Listen to the MP3 Audio: How the oceans can clean themselves_ Boyan Slat at TEDxDelft
Once there was a Stone Age, a Bronze Age and now we are in the middle of the Plastic Age. Because every year we produce about 300 million tons of plastic and a fraction of that enters rivers, waterways and eventually the oceans.
If we want to eat a biscuit nowadays, we have to buy a biscuit within a plastic wrapper, within a plastic tray, within a cardboard box, within a plastic foil, within a plastic bag. It’s not hazardous nuclear waste — it’s a biscuit.
And this is me. I love diving just taking you through my holiday slides here. This is at the pristine Azores Islands and this is how their beaches look. Covered with plastic fragments.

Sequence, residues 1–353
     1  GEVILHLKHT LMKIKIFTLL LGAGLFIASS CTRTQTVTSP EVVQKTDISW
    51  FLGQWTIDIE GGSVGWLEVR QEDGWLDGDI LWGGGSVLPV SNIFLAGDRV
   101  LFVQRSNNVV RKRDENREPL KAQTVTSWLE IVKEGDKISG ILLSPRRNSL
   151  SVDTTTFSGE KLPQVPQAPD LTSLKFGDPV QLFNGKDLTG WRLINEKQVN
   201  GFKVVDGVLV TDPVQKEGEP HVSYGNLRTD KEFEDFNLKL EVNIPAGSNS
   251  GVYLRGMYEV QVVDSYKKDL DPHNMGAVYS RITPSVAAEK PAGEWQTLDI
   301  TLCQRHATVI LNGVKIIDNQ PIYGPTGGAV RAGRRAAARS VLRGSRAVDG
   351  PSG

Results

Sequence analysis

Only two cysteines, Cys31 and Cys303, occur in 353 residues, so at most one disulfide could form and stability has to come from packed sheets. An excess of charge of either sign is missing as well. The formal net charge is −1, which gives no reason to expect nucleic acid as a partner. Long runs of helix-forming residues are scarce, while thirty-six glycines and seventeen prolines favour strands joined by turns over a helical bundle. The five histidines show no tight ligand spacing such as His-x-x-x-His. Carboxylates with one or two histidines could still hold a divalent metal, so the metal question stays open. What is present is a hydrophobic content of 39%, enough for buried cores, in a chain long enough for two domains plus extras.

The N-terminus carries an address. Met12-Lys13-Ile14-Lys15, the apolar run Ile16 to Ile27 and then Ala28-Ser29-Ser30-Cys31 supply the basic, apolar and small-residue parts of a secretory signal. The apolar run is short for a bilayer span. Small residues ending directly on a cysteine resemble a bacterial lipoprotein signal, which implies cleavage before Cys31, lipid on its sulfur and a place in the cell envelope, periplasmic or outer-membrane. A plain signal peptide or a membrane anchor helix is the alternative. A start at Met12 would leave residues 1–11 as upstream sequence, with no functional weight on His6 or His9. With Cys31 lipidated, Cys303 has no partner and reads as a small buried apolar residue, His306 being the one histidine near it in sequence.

Due to sun and waves over the years the garbage breaks down into ever smaller pieces, but remains plastic. And, well interestingly, you don’t see a lot of red particles in here because those look like food to birds more than any other color. So this is the result.
And well, the debris primarily collects at these 5 rotating currents called the gyres, where it doesn’t only directly kills sea life, but due to the absorption of PCBs and DDTs, also poisons the food chain. A food chain that includes us — humans.
And while diving in Greece I came across more plastic bags than fish and astounded by the depressing sights my Scottish dive buddy turned to me and said, “A lot of jellyfish is here, dear. Seen about a thousand.” There were no jellyfish.